Patent Laws, Product Lifecycle Lengths, and the Global Sourcing Decisions of U.S. Multinationals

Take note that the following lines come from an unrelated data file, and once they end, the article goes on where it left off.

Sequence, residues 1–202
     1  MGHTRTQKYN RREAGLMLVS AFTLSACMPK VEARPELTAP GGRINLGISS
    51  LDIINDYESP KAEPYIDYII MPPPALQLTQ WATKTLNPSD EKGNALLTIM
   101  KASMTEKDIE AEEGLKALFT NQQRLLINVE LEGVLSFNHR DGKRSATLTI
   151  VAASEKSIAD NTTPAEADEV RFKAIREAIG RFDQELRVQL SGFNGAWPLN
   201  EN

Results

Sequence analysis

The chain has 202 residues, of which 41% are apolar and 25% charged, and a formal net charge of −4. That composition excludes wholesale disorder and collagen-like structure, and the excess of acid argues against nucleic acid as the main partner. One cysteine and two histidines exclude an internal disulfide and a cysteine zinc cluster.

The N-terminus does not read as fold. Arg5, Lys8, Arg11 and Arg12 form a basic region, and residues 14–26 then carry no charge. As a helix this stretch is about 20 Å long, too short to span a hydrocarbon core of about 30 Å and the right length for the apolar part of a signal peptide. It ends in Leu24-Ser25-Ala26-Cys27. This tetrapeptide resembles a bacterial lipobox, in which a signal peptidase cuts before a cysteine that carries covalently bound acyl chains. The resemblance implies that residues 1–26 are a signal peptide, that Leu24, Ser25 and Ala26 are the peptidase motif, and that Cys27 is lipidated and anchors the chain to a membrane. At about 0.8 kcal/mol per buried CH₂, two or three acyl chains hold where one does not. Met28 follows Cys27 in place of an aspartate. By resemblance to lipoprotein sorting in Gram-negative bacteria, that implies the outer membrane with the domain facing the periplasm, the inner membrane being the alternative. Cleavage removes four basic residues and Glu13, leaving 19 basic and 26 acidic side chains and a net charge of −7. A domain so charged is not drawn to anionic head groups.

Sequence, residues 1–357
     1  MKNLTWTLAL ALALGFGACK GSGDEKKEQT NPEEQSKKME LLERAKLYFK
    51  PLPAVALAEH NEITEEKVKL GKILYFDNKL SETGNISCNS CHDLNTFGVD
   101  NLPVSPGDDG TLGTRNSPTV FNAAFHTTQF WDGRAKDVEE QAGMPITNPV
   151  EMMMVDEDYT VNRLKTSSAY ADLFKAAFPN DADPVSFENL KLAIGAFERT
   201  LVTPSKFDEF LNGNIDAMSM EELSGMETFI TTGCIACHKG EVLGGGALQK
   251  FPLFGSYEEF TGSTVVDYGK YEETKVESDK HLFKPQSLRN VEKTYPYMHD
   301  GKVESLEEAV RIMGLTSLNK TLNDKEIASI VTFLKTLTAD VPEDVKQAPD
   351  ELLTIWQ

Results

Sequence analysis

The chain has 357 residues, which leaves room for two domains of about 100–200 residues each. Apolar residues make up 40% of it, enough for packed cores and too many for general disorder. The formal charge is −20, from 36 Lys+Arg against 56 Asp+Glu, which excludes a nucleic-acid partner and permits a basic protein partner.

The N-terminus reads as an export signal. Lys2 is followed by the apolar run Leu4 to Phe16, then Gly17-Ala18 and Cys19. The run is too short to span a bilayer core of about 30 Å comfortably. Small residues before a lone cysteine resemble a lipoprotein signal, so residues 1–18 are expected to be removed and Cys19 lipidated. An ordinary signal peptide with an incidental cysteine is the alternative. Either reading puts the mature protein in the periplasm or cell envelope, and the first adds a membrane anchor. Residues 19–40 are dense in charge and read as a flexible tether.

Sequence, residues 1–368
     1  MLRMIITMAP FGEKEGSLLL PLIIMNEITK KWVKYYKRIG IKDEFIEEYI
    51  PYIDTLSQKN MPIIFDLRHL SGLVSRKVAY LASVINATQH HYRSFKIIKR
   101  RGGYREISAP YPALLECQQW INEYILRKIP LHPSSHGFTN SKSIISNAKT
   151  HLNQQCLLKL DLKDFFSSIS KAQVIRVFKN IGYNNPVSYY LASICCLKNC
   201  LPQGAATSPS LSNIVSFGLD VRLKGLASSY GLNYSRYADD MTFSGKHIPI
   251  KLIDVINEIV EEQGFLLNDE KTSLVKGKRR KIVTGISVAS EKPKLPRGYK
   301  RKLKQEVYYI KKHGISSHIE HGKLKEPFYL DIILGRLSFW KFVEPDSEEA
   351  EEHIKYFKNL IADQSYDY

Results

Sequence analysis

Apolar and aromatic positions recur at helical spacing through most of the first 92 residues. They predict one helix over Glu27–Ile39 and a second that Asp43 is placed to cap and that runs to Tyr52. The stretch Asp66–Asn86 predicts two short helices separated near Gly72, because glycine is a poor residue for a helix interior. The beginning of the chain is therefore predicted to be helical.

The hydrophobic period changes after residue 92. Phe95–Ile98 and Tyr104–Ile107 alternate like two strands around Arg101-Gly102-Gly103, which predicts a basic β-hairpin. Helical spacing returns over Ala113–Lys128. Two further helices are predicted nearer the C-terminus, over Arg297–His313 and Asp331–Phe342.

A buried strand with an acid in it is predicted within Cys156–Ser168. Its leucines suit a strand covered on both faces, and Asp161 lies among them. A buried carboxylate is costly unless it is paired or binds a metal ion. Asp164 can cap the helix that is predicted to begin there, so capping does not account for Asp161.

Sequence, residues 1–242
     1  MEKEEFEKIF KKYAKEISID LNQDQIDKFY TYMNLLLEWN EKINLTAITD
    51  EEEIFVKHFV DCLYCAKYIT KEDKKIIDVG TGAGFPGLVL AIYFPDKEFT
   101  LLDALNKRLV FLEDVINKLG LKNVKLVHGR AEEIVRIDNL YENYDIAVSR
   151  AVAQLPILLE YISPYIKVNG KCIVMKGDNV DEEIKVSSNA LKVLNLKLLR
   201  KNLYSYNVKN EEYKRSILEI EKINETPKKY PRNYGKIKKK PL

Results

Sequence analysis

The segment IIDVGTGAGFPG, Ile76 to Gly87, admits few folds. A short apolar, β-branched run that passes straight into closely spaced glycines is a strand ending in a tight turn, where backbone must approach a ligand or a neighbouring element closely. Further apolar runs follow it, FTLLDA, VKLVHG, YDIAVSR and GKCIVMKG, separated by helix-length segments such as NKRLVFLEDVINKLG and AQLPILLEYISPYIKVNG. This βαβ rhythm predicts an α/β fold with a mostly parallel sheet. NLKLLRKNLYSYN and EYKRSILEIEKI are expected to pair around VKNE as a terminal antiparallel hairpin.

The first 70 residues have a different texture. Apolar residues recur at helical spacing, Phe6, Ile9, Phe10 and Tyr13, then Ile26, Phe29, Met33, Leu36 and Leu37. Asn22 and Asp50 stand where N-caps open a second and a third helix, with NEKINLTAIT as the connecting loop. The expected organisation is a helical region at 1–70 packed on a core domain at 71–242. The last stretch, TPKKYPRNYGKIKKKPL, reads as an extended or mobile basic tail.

This paper investigates the impact of patent laws on firms’ global sourcing decisions. I develop a theoretical model of multinational firms’ location and production decisions in the presence of cross-country differences in intellectual property rights and cross-sector differences in the length of product lifecycles. I show that patent reforms are irrelevant to firms’ sourcing decisions in industries with rapid product turnover. By contrast, strong patent laws attract affiliate activity in industries with longer product lifecycles, because products in these industries are more likely to be imitated prior to obsolescence and are thus more reliant on patent enforcement to protect revenues. These effects are more pronounced for less-productive firms. Using comprehensive panel data on the sales, assets, and employment of U.S. multinationals and their affiliates abroad and a new measure of product obsolescence, I find robust empirical support for these predictions. Effects are significant along all margins of multinational activity, including multinational presence by country and sector, total affiliate sales conditional on presence, the number of affiliates, and affiliate-level sales. In addition, I find that stronger patent rights tilt the balance of cross-border activity away from exports and toward multinational activity. Finally, my identification strategy allows me to isolate the causal effect of patent reforms on multinational operations, which the prior literature has struggled to establish because of concurrent policy reforms.